Everybody knows it's the yoga teacher who makes the class, and Candace Rose is a knowledgeable, well-trained and genuinely peaceful instructor. More important, she's a teacher with a sense of humor. Unlike some yoga instructors, who forget that this is Phoenix, not Katmandu, Rose doesn't take herself too seriously. She cracks jokes throughout the class and keeps the spiritual lectures to a minimum. Rose has tailored her set to a North American audience, making the poses easy for the flexibly challenged and the environment relaxed enough for the spiritually insolvent. For anyone who's ever left a yoga class feeling cheated and a little flaky, Rose's $5 yoga hour is a down-to-earth alternative.

You've arrived at that interminable stretch of the calendar where the mercury has stalled above the 100-degree mark. The only chink in your scheme for never being away from air conditioning or shade for more than 90 seconds at a time is how to do your grocery shopping. All hail Eddie Basha, whose Bashas' at 40th Street and Thunderbird now offers drive-through grocery service. Simply phone in your order (fax and Internet orders are also available) by 10 a.m. for same-day pickup, drive your icy-cool Suburban up to a reserved cabana, and open your window just long enough to utter your name into a microphone. A few moments later, a friendly attendant will load your groceries into the back of your car. All coupons and club card savings apply to this luxurious service, which carries a nominal $4.95 service charge. For those of you who refuse to leave your house at all, delivery service is also available.

Among all the predictable contemporary bargains at this former Disabled American Veterans Thrift Shop, we've discovered cool vintage dresses, nasty '70s Spanish-Med wall hangings, a silver potted plastic tree, and even a pair of blond wood '50s end tables. On our last visit, we found some swinging two-tone wingtips. (So what if they were golf shoes! We just yanked the cleats out!) Cecilia, a wonderful lady with excellent makeup, will comment cheerfully on your selections as she rings them up, and she won't make you surrender your unpriced item "to the back room," where it will never be seen again. More good news for the thrift-minded: Every other Wednesday is half-off day, and seniors older than 60 get 30 percent off every Monday.
When it comes to catching fish, you want big. But for a bait shop, forget the Wal-Marts of the world -- small is good. And small has worked for 20 years for Richard La Porte and his father, Dick, who run Liar's Korner, a bait shop that can barely hold more than a half-dozen customers at a time. Liar's Korner is stocked with all things fishy: rods, reels, stringers and fishing licenses; crank baits, spinner baits, buzz baits and live bait; minnows, waterdogs and high-quality worms shipped in from New York. Fridays and Saturdays are usually crowded (Liar's Korner is on the way to four popular fishing lakes), but early in the week, you'll have the store to yourself. This old-time bait shop is simple and unpretentious, except for the trophies and stuffed fish covering the shop's walls. Most of the awards were won by the La Portes, but the father-son team would rather sell you what you need to catch the big one that got away.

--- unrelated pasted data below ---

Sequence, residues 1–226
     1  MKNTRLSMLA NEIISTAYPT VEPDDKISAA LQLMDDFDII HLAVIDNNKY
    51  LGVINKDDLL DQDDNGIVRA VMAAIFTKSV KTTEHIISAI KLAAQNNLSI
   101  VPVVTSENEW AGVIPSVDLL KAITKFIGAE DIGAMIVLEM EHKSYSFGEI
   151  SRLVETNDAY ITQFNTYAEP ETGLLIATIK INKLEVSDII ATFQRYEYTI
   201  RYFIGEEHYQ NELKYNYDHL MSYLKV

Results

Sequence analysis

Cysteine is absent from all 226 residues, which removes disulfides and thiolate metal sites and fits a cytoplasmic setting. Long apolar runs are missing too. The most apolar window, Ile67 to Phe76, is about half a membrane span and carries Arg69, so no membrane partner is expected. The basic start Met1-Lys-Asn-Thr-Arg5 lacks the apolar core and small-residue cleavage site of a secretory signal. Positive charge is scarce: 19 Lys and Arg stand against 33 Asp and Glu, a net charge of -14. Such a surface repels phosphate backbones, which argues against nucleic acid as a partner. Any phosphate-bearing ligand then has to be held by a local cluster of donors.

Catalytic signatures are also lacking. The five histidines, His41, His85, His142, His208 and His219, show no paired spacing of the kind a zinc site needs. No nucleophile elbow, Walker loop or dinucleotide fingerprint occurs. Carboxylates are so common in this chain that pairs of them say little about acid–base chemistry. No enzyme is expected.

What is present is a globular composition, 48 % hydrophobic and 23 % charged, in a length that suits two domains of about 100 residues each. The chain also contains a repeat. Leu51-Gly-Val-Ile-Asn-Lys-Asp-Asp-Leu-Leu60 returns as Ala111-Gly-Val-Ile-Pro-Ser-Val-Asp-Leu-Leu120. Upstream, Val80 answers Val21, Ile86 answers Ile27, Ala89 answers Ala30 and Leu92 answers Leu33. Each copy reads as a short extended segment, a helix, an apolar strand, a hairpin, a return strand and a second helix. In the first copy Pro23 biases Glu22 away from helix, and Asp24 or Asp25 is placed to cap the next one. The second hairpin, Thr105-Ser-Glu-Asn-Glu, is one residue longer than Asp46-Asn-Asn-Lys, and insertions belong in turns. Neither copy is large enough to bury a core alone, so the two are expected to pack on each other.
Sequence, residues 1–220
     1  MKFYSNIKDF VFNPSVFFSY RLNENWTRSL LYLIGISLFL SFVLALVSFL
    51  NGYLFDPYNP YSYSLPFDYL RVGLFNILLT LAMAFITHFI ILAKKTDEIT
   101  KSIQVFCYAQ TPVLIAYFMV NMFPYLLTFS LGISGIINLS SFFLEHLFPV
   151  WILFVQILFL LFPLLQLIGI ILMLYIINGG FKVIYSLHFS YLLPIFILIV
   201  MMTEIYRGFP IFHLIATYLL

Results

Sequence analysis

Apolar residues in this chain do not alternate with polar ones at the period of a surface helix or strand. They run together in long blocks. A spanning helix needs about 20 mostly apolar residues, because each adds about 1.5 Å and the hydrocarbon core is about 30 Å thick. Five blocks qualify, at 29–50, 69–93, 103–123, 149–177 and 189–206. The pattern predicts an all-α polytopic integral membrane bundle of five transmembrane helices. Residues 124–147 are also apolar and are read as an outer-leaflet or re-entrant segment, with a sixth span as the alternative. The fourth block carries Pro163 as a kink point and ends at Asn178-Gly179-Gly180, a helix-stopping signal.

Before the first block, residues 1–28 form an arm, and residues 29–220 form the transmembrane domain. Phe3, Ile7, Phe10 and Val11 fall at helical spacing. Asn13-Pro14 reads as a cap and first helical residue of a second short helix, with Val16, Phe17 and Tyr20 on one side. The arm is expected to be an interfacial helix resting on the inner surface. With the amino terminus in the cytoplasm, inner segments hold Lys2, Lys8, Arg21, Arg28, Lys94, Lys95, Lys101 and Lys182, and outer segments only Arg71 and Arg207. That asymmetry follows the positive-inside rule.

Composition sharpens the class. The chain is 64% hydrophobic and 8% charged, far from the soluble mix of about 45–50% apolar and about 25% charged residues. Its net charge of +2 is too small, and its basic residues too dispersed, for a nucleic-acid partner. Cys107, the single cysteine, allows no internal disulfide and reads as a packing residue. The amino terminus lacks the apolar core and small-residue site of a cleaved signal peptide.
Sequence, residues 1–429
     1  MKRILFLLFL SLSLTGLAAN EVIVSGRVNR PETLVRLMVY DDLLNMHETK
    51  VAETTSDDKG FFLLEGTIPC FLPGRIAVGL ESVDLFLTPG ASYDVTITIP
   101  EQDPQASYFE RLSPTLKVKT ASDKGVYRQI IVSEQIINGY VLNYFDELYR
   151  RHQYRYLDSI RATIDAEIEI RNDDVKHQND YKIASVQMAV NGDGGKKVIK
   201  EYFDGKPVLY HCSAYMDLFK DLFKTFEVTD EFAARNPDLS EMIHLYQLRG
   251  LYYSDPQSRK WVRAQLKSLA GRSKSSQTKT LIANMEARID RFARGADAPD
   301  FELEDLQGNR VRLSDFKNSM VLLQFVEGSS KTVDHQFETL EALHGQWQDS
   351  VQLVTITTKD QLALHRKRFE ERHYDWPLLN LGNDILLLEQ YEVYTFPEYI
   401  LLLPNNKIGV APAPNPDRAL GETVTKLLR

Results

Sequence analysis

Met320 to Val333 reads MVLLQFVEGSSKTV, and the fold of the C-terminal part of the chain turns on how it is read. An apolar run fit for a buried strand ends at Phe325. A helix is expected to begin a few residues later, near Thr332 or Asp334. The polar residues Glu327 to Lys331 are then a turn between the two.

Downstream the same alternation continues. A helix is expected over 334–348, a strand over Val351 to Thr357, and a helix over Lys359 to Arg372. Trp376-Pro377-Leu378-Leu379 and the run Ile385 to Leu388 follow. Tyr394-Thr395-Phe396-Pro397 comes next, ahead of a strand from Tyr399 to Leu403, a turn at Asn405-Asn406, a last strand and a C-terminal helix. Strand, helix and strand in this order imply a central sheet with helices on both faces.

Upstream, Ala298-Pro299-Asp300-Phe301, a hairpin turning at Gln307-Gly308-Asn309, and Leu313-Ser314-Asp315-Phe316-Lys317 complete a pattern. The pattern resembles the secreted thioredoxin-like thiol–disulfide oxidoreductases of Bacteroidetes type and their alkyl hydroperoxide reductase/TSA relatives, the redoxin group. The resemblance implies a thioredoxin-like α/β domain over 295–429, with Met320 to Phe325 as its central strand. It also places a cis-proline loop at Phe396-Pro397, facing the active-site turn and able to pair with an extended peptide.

Housed in a bright yellow brick building with blue awnings lined with a long row of white stars, Larada's Army Surplus Store is hard to miss. But once inside, you'll find everything you need for disappearing into the woodwork -- or the woods. Larada's is filled with military gear and not-for-sale displays of military might such as bullets, holsters and non-firing rifles, but what it really sells is survival. Alongside the army fatigues, gas masks and caps emblazoned with every division of the armed forces are lanterns, knives, mess kits, freeze-dried food and boots for any terrain or weather. Upstairs is nothing but tents. While you pick out a parka, you can watch a videotape on the art of camouflage. Surviving a trip through the hodgepodge of gear (Larada's winds around an L-shaped shopping center) is a feat in itself. But once you do, you'll have what you need to survive anything.